• It makes public what should be private 

Pornography makes ‘entertainment’ out of activities that ought to be personal and private. It is so counterintuitive to have doors on bedrooms, curtains on Windows and do not disturb signs on hotel rooms and then watch by choice the exact actions we would deem necessary to discreetly protect. 

  • It turns real people into mere objects 

Most porn depicts women as existing for the pleasure and gratification of men. As porn access and use escalates there is an increasing dehumanising of all involved. It trains watchers to disconnect from any sense of empathy, care or interest in the people as people (someones’s sister or friend) and to see them only for the functions they perform. The societal impacts of this are being documented as devastating. 

  • It promotes sex without intimacy

Sexual exploration and enjoyment is designed to be an expression of intimacy and a catalyst for deeper intimacy between loving, committed adults. Pornography is such a perverse distortion of this design intent, depicting sex entirely devoid of relational connection or love and often without consent.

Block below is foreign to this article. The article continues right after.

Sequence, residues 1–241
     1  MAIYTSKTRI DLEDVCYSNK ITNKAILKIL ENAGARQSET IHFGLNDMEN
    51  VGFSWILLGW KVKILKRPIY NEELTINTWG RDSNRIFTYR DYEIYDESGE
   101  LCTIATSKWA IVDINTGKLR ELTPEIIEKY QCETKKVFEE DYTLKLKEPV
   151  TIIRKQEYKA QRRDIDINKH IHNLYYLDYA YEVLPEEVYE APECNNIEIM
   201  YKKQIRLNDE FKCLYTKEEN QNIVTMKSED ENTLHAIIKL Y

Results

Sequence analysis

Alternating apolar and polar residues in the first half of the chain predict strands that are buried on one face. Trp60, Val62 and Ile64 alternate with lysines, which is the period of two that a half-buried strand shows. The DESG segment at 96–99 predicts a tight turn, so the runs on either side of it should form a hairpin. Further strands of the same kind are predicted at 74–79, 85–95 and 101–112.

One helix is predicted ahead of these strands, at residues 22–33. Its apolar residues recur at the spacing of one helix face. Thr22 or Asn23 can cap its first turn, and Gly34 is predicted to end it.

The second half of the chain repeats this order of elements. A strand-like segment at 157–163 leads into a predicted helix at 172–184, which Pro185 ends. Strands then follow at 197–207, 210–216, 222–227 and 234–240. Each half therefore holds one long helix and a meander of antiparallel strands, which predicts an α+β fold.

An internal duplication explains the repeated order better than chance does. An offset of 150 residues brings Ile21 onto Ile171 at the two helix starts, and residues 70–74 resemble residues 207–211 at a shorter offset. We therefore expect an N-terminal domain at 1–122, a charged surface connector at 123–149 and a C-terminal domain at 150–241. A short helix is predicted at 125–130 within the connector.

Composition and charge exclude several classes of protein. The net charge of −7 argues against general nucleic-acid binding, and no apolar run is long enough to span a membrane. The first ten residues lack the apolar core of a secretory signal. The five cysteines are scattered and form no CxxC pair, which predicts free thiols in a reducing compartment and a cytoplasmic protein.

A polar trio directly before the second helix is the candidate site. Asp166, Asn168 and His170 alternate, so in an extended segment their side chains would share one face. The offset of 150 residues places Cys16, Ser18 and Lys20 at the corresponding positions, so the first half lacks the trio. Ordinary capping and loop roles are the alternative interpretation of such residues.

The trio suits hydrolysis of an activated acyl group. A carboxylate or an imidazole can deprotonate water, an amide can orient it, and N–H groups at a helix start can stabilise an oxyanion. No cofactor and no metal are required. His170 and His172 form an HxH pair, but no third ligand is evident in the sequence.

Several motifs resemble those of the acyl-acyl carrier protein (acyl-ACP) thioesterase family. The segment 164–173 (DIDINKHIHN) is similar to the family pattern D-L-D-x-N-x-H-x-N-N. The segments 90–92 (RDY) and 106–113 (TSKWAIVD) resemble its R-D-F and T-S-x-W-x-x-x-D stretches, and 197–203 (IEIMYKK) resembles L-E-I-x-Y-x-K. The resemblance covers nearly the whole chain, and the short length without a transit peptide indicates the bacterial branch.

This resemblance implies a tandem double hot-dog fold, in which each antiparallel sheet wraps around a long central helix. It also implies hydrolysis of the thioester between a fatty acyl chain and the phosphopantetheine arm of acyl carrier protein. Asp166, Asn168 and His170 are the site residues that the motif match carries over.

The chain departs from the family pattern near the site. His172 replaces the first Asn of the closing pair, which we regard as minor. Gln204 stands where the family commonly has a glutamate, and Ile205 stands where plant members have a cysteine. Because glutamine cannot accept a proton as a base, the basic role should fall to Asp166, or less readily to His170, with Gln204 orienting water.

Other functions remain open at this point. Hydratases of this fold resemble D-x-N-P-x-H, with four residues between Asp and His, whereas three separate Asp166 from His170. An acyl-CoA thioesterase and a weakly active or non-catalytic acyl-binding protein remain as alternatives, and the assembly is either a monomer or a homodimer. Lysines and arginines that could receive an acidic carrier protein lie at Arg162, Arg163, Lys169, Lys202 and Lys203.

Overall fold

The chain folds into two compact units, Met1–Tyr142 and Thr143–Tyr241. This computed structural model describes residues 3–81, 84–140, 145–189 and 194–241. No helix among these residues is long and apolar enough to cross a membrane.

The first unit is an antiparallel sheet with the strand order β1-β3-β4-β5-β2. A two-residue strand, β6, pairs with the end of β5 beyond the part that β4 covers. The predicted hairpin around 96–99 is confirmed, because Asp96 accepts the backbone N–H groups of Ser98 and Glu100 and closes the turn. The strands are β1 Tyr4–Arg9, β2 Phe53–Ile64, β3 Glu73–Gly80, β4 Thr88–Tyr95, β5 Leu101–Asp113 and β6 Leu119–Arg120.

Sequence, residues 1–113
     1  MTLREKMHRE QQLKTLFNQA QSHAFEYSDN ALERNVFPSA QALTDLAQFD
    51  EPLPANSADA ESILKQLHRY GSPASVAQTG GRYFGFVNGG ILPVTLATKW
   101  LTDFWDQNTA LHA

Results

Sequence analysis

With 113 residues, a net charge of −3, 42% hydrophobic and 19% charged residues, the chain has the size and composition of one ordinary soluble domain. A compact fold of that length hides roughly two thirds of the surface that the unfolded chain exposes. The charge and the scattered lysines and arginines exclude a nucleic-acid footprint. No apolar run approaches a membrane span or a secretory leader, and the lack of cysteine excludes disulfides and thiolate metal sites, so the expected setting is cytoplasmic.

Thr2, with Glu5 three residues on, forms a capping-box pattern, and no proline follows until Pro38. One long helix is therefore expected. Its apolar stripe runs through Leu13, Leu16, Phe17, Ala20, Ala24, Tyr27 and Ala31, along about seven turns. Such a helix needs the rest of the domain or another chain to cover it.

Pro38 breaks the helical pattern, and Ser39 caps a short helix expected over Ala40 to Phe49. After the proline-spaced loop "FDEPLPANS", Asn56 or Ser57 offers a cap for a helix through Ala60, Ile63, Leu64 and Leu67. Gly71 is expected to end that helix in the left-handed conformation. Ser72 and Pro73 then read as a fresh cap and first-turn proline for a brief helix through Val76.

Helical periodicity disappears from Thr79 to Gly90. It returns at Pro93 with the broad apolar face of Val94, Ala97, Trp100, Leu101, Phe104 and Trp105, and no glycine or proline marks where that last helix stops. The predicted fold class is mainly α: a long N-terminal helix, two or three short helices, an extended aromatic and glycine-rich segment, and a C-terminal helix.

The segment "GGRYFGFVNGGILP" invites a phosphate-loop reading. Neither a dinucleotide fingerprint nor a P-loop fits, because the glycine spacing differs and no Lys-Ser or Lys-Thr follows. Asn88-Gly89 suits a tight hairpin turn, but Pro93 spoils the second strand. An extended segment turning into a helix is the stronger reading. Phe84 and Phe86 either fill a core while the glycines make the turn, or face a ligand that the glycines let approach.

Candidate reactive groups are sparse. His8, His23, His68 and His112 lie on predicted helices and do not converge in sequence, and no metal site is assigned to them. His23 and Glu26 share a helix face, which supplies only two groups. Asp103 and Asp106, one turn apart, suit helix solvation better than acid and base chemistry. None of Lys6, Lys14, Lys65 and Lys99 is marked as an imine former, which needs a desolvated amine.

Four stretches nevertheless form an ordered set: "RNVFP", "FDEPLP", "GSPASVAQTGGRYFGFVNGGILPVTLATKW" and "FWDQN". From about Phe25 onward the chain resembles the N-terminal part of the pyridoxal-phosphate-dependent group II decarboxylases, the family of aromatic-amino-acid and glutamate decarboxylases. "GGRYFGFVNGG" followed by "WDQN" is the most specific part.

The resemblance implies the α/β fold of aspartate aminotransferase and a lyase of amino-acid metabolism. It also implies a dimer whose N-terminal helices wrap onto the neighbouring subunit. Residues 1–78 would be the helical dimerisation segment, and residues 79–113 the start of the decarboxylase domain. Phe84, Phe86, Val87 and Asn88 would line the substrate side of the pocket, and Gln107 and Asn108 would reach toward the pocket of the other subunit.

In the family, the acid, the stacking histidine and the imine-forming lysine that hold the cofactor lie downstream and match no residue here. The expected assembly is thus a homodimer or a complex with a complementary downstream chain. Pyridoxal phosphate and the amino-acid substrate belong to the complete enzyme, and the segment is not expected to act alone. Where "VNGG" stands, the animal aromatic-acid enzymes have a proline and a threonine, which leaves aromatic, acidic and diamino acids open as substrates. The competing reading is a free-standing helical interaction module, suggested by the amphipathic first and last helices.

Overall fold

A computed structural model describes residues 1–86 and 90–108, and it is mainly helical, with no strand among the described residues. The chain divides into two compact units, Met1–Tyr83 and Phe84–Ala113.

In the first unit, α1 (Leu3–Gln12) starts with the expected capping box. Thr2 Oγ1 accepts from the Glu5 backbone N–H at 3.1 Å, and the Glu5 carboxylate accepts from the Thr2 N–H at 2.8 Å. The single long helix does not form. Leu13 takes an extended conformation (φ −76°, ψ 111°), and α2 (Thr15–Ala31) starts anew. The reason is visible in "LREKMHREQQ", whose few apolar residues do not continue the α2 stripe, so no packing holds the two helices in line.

• It normalises rape and sexual violence

Over 88% of pornographic content depicts acts involving violence or force. Non-consensual sex and aggression (inflicting real pain) against women is not only condoned but portrayed as enjoyable for the women. Doctors report an alarming number of young girls presenting with severe anal damage and associated complications as a result of rough and inappropriate sexual activity. 

  • It is a common but poor sexual educator 

Young people are viewing porn before they have even had their first crush or kiss and well before any formal education from schools (or even parents). They are exposed to an insane level of sexual learning before their brains are even able to process what they’re seeing or the reactions it illicits in them. It is shaping the sexual appetite and expectations of people who are often without a counter-message about the truth of healthy sexuality and intimacy. 

  • It is as addictive as any drug 

Addiction to pornography is a well-documented, life destroying scourge. Research reveals impact on job retention, financial security, educational success, family/relational health and general mental and physical wellbeing as the result of an all-consuming obsession with watching porn. Like any drug, an increasing amount or level of stimuli is required to achieve the same degree of arousal, enjoyment or release. Some youth have reported watching more than eight hours of porn per day!

We should HATE porn. For the gross distortion it is of something innately precious. For its numerous negative and destructive consequences. For the themes of dishonour and abuse of power. 

This website is a useful resource for education, advocacy and also practical support to fight sexual/pornographic addiction. Check it out – fightthenewdrug.org